Both Sides of the Blade

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Revered arthouse director Claire Denis starts Both Sides of the Blade with an almost subliminal reference to Jaws. A couple wade into the sea. The soundtrack growls ominously. But only for maybe half a second. Then it pivots spectacularly into something gooey, gentle and romantic. We see the faces of the couple. It’s Juliette Binoche and Vincent Lindon, looking ecstatically happy. They stare fondly into each other’s eyes. They touch and caress each other. They laugh. Later, in their room, they make love. Still later, back at their apartment in Paris, their holiday over, the first thing they do is make love again.

But that growl. Something is lurking.

We learn what it is after getting more glimpses of this couple’s life together. Sara (Binoche) works at a radio station, Jean is an ex rugby player who has done jail time for something never quite specified. They used to be in relationships with other people. He with the mother of his son, Marcus (Issa Perica), who was raised mostly by his mother (Bulle Ogier) while he was in jail. She with a guy called François (Grégoire Colin), who she catches a glimpse of one day in a car park and instantly has a wobble. Clutching herself around the waist she moans, “François”.

A strange love story takes off, with Sara caught between two men – the old lover and the current one, with things pushed to crisis point when Jean is offered a job by François and accepts it.

The Covid pandemic is in full spate and masks are everywhere. Rather than try and avoid them, Denis presses them into service, focusing repeatedly on the masks, drawing a comparison with something else that’s in the air, something potentially dangerous.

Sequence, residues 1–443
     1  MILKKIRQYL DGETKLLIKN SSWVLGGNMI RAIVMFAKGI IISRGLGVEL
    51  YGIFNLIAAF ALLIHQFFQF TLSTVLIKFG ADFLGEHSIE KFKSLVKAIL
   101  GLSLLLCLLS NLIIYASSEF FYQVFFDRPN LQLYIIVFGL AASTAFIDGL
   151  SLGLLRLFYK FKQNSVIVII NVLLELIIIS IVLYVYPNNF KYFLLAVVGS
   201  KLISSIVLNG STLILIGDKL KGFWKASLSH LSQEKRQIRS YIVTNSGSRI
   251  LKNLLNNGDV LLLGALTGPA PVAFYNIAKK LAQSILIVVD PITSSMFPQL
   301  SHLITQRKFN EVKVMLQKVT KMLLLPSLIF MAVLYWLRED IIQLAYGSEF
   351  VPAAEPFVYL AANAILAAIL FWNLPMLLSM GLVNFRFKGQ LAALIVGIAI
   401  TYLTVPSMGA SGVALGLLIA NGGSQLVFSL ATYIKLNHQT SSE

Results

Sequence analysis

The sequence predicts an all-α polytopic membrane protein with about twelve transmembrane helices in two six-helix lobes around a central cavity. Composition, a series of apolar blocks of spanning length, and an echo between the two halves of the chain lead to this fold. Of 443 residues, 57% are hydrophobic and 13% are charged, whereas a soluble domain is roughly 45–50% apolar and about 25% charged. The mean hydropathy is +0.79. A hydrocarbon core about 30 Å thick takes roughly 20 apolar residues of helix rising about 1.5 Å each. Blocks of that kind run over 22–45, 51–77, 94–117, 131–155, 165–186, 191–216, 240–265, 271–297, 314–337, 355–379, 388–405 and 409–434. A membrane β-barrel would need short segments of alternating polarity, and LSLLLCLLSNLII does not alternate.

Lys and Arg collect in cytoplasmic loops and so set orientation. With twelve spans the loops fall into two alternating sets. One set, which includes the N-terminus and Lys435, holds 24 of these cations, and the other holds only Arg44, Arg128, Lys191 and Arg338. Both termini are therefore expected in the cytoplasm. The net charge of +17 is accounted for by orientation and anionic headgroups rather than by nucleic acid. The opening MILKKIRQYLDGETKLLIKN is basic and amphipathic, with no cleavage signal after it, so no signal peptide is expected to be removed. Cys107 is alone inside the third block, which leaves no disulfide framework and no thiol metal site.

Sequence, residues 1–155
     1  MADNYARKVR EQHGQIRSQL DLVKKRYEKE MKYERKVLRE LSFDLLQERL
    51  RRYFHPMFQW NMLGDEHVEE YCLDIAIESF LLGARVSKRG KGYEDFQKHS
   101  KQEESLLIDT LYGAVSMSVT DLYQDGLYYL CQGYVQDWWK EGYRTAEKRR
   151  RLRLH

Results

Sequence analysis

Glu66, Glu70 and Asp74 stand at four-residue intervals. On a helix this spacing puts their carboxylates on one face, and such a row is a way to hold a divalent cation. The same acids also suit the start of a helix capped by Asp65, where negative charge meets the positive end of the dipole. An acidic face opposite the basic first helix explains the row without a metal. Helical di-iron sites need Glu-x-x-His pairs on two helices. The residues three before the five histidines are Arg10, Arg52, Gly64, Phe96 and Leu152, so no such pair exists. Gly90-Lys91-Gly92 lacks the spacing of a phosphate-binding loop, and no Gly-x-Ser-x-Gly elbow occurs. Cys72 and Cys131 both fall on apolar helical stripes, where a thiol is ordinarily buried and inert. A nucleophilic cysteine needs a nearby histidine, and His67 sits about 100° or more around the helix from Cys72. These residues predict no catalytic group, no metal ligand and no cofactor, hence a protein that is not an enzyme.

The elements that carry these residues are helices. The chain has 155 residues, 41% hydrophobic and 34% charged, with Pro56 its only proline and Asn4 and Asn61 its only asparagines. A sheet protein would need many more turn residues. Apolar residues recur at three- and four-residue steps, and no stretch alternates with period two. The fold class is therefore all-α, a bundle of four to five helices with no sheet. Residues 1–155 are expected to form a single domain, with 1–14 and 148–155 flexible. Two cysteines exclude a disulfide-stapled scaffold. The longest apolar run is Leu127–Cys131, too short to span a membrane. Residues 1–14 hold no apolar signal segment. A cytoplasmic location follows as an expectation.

Soundtracks are often held up as being intrinsic to a film when they’re nothing of the sort, but the one to Both Sides of the Blade really is. It’s by Tindersticks, who’ve been working with Denis for aeons, and as well as setting the mood from the off, it sits there simmering and trembling all the way through, suggesting Sara’s frame of mind. It also provides the film’s title – which was going to be called Fire (as in “don’t play with” presumably) until Claire Denis heard the song th band had written for the closing credits. Suddenly, Both Sides of the Blade it was (Denis even prefers it to the French title, Avec Amour et AcharnementWith Love and Fury).

François and Sara
Happier? François and Sara

Don’t come to this film expecting something original in terms of plot. Instead it’s the acting that makes it worth the journey. Grégoire Colin hasn’t got much to do beyond play the big bad instigator. It’s between Binoche and Lindon that the sparks fly. As Jean’s emotional antenna start twitching and he starts to quiz Sara about her sudden coolness towards him – she was all over him only recently – her denials don’t quite ring true. They are strictly factual, whereas he’s after more emotion-driven responses.

This gap between the factual and emotional truth is what produces the fireworks, and the opportunity for spectacular acting by Lindon and Binoche. Lindon in particular is remarkable, and his ability to be tough and sensitive at the same time really stands him in good stead. As if to insulate Sara against charges of being just a silly woman, there’s a subplot about Jean’s son Marcus, and how he’s caught between two parent figures – grandma and dad – but it doesn’t amount to much and feels tokenistic.

Emotional landscapes are where Denis operates best, and she keeps the mood intense by shooting in tight spaces, in cars, small apartments, with the camera so often up in the faces of her… victims? Even so, though the Denis magic is clearly working, and the acting is off the scale, this is minor Denis. Nicely done but not earth shattering.

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© Steve Morrissey 2023

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